Tuesday, October 29, 2013

“Blackfish” and The Ethics of Family Fun

As a Seaworld season pass holder for several years now, I was naturally interested in seeing the much discussed documentary “Blackfish.” For those of you who are not aware of the film, it is a scathing look at 39 years of keeping orcas (killer whales) captive for human amusement. Seaworld also claims it is for education, research and conservation. I think there is truth to all of those reasons, but primarily it is because the orcas are the main attraction for a multi-million dollar industry.

Using the 2010 killing of trainer Dawn Brancheau by Tilikum the killer whale at the Orlando Seaworld park as its starting (and ending) point, the film then covers in detail the history, ethics and dangers of keeping the ocean’s apex predators (even higher on the food chain than Great White sharks) in concrete pools and teaching them to do tricks for food.

ABOVE: Tilikum

Some of this, I think, is common sense. Anyone somewhat sensitive to animal rights that visits one of Seaworld’s parks has to look at the size of these whales and where they are kept and see that there is something wrong. As much as I have enjoyed visiting Seaworld and I still am awed when I see the orcas up close, it has always bothered me. For a creature that can travel over 100 miles a day in the open ocean, these whales spend their entire lives in the equivalent of a one-bedroom apartment.

I can also see Seaworld’s argument. Although they did not participate in “Blackfish” (all of the trainers interviewed in the film are “former” trainers, so we do not know all of the bones they may have to pick with the company), Seaworld has since commented and presented their side of the issue in the face of the firestorm that has resulted from this pretty remarkable film. Seaworld does indeed promote education and they push their message of conservation hard and I believe that it is sincere. They also are active in many ocean rescue operations. Seaworld sends its specialists to coasts all over the country to assist in animal beaching incidents, animals in distress, etc. They do real and substantial work in these areas, and are responsible for the rehab and then re-release of hundreds of animals a year. They also display majestic creatures that have complex emotions and are highly intelligent in a way that can only be described as cruel and unethical.

There are some scenes that are really hard to watch. The toughest scenes deal with separating mother orcas from their babies. They interview this great, grizzled ocean adventurer who had been involved in the early cowboy days of the 70’s when Seaworld hired these guys to go out and capture the first batch of Seaworld whales on the open seas (now most of the new whales are born in captivity). They targeted the babies and took them from their mothers. This guy, who talked about participating in revolutions in Africa and South America and admitted to being involved in some “shady” things in those revolutions, said that the capturing of the baby whales was the worst thing he had ever done or witnessed. This grizzled mercenary is in tears talking about the cries from the whales in the water once the babies are captured and taken away to a life in the concrete pools of Seaworld.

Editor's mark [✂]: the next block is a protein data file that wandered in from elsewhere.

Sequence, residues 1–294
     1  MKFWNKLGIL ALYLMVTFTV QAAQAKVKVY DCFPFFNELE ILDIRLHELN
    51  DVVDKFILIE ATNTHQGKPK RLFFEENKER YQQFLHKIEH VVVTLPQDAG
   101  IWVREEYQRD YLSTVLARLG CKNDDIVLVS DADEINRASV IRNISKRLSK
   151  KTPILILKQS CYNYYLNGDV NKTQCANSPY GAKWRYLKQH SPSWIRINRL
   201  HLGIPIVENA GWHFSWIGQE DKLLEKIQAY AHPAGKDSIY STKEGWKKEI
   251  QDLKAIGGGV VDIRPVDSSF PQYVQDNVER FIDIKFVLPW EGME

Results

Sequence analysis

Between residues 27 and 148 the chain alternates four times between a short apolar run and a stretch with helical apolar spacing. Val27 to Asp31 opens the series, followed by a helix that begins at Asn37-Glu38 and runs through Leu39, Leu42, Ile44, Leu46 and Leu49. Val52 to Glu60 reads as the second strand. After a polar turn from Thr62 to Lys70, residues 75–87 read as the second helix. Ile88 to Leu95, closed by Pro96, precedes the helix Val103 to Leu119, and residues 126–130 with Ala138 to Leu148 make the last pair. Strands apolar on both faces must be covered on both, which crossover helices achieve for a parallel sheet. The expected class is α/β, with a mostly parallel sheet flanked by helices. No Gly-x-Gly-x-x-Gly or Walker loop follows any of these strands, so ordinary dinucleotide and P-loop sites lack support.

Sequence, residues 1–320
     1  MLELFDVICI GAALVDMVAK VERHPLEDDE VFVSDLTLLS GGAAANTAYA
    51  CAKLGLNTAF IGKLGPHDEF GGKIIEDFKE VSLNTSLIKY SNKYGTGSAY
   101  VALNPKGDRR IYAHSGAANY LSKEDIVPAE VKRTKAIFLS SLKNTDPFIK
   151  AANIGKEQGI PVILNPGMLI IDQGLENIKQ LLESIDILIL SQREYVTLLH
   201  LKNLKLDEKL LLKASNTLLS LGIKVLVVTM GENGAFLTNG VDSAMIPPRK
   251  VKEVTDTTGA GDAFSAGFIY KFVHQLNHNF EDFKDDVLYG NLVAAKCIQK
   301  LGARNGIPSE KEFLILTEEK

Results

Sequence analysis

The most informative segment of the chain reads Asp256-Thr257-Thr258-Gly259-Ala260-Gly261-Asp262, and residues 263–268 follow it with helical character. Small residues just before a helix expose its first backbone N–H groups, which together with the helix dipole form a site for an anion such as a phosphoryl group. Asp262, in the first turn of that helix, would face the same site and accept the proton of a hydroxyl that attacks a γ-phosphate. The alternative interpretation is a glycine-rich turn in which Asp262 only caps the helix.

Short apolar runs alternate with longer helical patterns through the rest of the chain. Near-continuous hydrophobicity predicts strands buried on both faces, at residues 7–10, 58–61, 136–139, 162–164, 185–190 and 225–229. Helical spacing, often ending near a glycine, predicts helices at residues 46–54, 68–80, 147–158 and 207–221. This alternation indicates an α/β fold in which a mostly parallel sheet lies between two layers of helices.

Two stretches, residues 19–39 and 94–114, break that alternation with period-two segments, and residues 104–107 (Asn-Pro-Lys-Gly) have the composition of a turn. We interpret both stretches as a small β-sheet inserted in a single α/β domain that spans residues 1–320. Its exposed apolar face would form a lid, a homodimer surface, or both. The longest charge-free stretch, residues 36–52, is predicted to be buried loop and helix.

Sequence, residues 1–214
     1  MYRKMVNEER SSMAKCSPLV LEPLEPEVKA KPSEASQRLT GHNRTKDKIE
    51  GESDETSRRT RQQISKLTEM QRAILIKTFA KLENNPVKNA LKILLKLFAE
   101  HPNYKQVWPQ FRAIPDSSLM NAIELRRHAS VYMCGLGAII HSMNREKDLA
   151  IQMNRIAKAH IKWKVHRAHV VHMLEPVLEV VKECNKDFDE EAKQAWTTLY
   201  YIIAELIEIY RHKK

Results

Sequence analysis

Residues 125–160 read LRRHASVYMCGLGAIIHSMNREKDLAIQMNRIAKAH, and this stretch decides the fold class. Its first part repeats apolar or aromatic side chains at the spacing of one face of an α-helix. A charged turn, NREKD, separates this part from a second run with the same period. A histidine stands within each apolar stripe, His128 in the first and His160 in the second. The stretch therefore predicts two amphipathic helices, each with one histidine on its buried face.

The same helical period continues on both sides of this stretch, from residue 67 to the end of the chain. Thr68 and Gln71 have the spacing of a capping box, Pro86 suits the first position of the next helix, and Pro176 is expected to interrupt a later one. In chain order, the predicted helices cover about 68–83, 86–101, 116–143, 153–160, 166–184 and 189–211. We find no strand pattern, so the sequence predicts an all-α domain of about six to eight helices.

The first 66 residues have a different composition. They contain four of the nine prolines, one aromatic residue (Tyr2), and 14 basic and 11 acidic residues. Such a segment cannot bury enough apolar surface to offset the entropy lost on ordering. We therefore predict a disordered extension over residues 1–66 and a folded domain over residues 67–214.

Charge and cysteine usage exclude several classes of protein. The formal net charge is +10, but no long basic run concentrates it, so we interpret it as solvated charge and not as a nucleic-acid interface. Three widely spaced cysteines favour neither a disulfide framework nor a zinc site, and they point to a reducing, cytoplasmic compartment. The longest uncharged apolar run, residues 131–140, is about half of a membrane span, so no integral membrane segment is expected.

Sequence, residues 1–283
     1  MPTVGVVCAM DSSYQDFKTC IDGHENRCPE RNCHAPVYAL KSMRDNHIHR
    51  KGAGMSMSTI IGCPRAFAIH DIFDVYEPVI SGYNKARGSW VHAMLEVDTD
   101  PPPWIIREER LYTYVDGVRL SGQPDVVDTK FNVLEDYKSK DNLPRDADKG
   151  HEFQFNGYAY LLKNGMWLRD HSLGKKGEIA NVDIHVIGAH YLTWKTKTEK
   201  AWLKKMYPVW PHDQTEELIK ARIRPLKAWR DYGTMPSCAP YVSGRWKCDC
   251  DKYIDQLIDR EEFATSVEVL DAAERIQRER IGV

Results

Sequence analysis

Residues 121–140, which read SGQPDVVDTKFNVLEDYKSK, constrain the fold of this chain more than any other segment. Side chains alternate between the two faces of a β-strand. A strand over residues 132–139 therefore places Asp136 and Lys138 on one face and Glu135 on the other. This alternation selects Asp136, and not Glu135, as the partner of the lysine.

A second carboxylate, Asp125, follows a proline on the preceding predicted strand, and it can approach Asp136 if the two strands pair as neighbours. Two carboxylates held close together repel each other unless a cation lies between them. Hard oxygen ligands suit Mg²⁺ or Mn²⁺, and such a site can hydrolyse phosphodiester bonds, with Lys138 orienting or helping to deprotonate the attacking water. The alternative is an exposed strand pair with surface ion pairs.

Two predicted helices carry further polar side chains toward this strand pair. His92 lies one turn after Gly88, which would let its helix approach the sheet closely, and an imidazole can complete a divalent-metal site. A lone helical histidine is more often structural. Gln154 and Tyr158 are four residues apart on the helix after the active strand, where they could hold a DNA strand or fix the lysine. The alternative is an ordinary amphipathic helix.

ABOVE: Many captive orcas have a dorsal fin that is bent. It is very rare in the wild. There are various theories as to why this occurs, including having to swim in circles all their lives in relatively small pools. Seaworld claims that it is because they spend so much time above the waterline. BELOW is a typical orca fin in the wild.

The most emotional moments deal with the treatment of the whales themselves, not so much these fatal and near fatal incidents with trainers. The ex-trainers they interview seem to be smart people, yet they claim that they were surprised that the whales turned on them (also note that they have performed many times a day for decades, and there are only a handful of these attacks). As I stated at the beginning, these are apex predators. Have you ever seen footage of these whales attacking seals? How could it make sense to get in the water with them? And these are highly intelligent creatures. One of the saddest aspects about this is the intense boredom and lack of stimulation for the whales. That probably explains much of their abnormal and sometimes aggressive behavior.

I think the most fascinating sequence in the film dealt with a trainer who actually survived his ordeal. They have the footage, and this guy is a badass. The whale grabbed his foot and dragged him under. It took him all the way to the bottom of the deep pool, held him there, and then brought him back up to breathe. Then it brought him down again. And again. It knew how long it could keep him under. The trainer didn’t panic, talking to the whale and stroking it whenever they were on the surface. Eventually it let him go, and he swam like mad to the side. The whale turned around to chase and he barely got out.

They live about a third of the lifespan in captivity that they do in the wild. Tilikum, the male that they focus on for much of the film, has been involved with three human deaths so far. Two trainers and in a mysterious case, some mentally ill man who apparently hid in the park until after closing and got in the tank to commune with the whales. Tilikum is still performing in Orlando. After Brancheau’s death, OSHA filed a successful suit against Seaworld to keep the trainers separated by some sort of barrier from the whales. If you attended Seaworld pre-2010 vs. now, it is a very different show. Not nearly as exciting, but also a lot safer for the trainers. Seaworld is appealing to get the trainers back in the water to ride the whales. Tilikum’s value is mainly in breeding. They use him to make baby Shamus, and about half of the captive orcas in the world are related Tilikum.